After my two sons were born and we had bought a property, my responsibilities and pressure increased. Time became my scarcest resource and yet I invested more and more energy in my work and at the same time tried to be a good father and a good partner for my wife. The first thing that fell by the wayside was time for me, time to relax and time to think about life as a whole.
Through my burnout at the end of 2018, my body forced me to finally think about these issues again and I am grateful to him today. Looking back, I realized that I had packed more and more into my life and at the same time had high expectations of myself and my work results. This life crisis lasted over a year and included a stay in a clinic, therapy, and medication, which ultimately helped me well. As I was on sick leave, I had a lot of time to think and feel what was really important to me, what was good for me and what was not.
I decided to slim down and simplify my life. The first decision was that I didn’t want to go back to my old job, although I really appreciated the company and my colleagues! This was one of the most difficult and lengthy decisions of my life. I also resigned from a serving club where I had been a member for 7 years and had made many friends. I stopped reading or listening to the news, deactivated email on my cell phone and preferably left it at home when I went out. I started to do sports regularly and changed my diet. I drank less, only met friends who were really good for me and used the time I gained to recover, spend time with my children and think about my future.
It was clear to me that I wanted to start my own business again in order to be more independent. However, it was no longer important to me to do something great that everyone is talking about. It was enough for me to find something that would pay the bills and be managed with a few hours a day. Because I had learned how wonderful it is to spend more time with my children and to really be “there”. This has made our relationship much deeper and more intense. It makes such a big difference whether I walk with my 2-year-old son in peace and quiet and without pressure to the nursery and we watch a beetle together for 5 minutes on the way, or whether I stand there and only pretend to have the time and moan inwardly: “Hurry up, little man, I want to go to work!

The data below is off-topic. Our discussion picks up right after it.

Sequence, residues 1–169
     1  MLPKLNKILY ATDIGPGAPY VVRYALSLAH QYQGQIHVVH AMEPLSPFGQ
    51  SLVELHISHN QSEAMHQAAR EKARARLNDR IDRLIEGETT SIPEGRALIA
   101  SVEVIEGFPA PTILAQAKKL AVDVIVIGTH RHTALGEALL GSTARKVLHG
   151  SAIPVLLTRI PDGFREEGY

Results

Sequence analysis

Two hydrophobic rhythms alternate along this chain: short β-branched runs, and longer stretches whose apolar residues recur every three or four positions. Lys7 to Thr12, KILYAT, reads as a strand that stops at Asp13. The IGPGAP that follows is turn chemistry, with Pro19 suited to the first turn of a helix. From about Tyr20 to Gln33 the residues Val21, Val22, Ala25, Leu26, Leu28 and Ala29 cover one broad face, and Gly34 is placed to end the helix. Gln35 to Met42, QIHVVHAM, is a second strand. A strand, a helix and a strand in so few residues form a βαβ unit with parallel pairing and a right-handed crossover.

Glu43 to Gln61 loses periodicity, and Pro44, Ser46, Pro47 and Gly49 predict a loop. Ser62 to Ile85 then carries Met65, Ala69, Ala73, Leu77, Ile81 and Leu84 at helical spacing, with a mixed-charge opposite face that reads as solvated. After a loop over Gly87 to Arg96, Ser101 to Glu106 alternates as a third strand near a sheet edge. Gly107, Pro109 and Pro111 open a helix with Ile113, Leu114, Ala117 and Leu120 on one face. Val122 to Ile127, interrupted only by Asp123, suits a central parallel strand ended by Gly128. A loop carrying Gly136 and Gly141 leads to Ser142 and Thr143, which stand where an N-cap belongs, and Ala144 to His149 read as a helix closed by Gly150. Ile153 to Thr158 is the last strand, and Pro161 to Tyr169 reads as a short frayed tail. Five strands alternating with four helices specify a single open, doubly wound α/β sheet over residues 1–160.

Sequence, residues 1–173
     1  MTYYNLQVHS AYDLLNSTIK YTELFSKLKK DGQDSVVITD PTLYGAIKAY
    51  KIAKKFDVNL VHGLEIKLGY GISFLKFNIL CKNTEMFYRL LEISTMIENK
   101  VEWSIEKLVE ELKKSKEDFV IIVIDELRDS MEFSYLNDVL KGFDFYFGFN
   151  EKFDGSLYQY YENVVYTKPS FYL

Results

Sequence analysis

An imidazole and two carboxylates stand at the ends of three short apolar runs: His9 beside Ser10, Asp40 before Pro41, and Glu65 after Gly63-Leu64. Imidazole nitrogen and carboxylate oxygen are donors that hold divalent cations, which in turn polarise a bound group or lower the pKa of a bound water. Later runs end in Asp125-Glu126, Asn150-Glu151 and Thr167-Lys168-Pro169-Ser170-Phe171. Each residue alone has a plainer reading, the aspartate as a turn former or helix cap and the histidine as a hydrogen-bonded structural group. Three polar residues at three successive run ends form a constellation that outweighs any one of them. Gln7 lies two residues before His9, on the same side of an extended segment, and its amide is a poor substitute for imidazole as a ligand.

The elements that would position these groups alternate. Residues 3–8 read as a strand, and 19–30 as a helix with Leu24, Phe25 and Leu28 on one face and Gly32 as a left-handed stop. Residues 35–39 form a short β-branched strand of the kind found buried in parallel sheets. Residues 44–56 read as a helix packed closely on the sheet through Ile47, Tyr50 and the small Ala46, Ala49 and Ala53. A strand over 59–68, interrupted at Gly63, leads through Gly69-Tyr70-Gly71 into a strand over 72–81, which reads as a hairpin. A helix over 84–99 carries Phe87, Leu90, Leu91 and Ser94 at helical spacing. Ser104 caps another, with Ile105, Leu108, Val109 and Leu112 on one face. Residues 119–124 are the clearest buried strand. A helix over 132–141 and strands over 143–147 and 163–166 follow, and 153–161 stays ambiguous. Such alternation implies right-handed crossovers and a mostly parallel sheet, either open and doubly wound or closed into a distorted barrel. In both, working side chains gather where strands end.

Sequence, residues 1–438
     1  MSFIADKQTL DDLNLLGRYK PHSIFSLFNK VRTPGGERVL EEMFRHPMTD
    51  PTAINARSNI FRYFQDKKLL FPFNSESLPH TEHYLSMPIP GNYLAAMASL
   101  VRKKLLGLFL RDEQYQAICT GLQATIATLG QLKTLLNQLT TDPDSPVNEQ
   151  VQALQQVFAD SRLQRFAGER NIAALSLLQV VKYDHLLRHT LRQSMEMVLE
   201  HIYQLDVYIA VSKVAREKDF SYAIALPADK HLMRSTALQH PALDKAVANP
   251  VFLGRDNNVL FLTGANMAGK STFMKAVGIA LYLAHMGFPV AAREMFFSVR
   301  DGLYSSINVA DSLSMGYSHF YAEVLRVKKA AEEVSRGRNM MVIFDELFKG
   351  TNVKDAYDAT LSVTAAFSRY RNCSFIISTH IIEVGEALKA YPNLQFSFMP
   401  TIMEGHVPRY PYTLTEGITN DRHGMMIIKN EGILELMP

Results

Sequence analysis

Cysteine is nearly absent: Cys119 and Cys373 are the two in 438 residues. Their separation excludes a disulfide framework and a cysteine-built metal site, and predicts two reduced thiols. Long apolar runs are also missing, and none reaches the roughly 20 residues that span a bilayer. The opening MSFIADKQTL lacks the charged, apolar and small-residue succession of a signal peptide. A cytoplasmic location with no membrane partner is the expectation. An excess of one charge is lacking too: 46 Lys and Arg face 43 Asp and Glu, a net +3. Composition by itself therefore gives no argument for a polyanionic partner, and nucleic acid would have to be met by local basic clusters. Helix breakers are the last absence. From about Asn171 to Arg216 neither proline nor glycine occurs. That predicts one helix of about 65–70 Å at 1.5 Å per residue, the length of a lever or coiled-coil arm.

But I am also learning a lot about my environment in this crisis: In our affluent society we are educated to subordinate everything to earning (as much) money as possible, without having a measure of when enough is enough and what we actually want to do when we have “enough”. The great happiness therefore always lies in the future and is supposedly only a purchase away. This is also plausible because our society depends on us always creating new needs to keep consuming and keep the economy running. If suddenly many people were to remember that they don’t need much at all, then the companies, the economy and ultimately the employees would be much “worse off”, because there is not so much to produce and sell. So we are all part of the problem.
So I decided to participate less in this cycle. But how could I escape my personal hamster wheel and build something new when my family depends on my salary? So I had to find a solution to combine the two: My fixed salary job and the freedom to develop and implement new ideas. I spoke to my employer and managed to get a sabbatical. This gave me a year to create something new without having to quit.
And now I am sitting here and writing a book on how to start a company without quitting the job (yet), which has been a matter close to my heart for many years. Of course I had only a fraction of my original income, but I was willing to accept cuts for my new freedom. So I gave up my car to do more cycling and car-sharing. Everything has its price! This is a very profane but elementary insight that became very clear to me in my crisis.
What are you experiences with hamster wheels, work/life crisis and simplifying your life? Please share your thoughts!